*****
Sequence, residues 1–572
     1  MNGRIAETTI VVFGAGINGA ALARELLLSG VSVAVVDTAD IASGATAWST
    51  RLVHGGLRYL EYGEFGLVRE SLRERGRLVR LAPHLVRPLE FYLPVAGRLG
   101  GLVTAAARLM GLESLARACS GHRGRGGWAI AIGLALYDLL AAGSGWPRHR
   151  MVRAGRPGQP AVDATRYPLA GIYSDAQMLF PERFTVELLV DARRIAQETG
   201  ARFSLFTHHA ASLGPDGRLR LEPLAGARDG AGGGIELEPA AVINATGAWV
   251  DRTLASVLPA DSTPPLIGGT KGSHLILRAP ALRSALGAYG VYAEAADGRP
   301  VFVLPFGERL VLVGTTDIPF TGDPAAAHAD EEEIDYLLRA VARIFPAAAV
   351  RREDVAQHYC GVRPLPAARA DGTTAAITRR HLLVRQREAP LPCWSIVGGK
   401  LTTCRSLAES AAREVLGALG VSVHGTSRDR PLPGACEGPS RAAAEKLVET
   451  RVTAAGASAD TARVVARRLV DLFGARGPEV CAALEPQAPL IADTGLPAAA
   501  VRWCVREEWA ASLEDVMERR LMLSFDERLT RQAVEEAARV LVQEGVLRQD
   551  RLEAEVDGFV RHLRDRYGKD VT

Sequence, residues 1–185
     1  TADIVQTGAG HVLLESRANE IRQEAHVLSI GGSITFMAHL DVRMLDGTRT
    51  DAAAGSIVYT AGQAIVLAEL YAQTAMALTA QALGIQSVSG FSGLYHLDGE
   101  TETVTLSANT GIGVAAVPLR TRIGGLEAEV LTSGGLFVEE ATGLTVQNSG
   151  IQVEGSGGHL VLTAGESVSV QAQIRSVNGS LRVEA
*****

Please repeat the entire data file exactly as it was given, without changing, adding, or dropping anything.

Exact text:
Sequence, residues 1–572
     1  MNGRIAETTI VVFGAGINGA ALARELLLSG VSVAVVDTAD IASGATAWST
    51  RLVHGGLRYL EYGEFGLVRE SLRERGRLVR LAPHLVRPLE FYLPVAGRLG
   101  GLVTAAARLM GLESLARACS GHRGRGGWAI AIGLALYDLL AAGSGWPRHR
   151  MVRAGRPGQP AVDATRYPLA GIYSDAQMLF PERFTVELLV DARRIAQETG
   201  ARFSLFTHHA ASLGPDGRLR LEPLAGARDG AGGGIELEPA AVINATGAWV
   251  DRTLASVLPA DSTPPLIGGT KGSHLILRAP ALRSALGAYG VYAEAADGRP
   301  VFVLPFGERL VLVGTTDIPF TGDPAAAHAD EEEIDYLLRA VARIFPAAAV
   351  RREDVAQHYC GVRPLPAARA DGTTAAITRR HLLVRQREAP LPCWSIVGGK
   401  LTTCRSLAES AAREVLGALG VSVHGTSRDR PLPGACEGPS RAAAEKLVET
   451  RVTAAGASAD TARVVARRLV DLFGARGPEV CAALEPQAPL IADTGLPAAA
   501  VRWCVREEWA ASLEDVMERR LMLSFDERLT RQAVEEAARV LVQEGVLRQD
   551  RLEAEVDGFV RHLRDRYGKD VT

Sequence, residues 1–185
     1  TADIVQTGAG HVLLESRANE IRQEAHVLSI GGSITFMAHL DVRMLDGTRT
    51  DAAAGSIVYT AGQAIVLAEL YAQTAMALTA QALGIQSVSG FSGLYHLDGE
   101  TETVTLSANT GIGVAAVPLR TRIGGLEAEV LTSGGLFVEE ATGLTVQNSG
   151  IQVEGSGGHL VLTAGESVSV QAQIRSVNGS LRVEA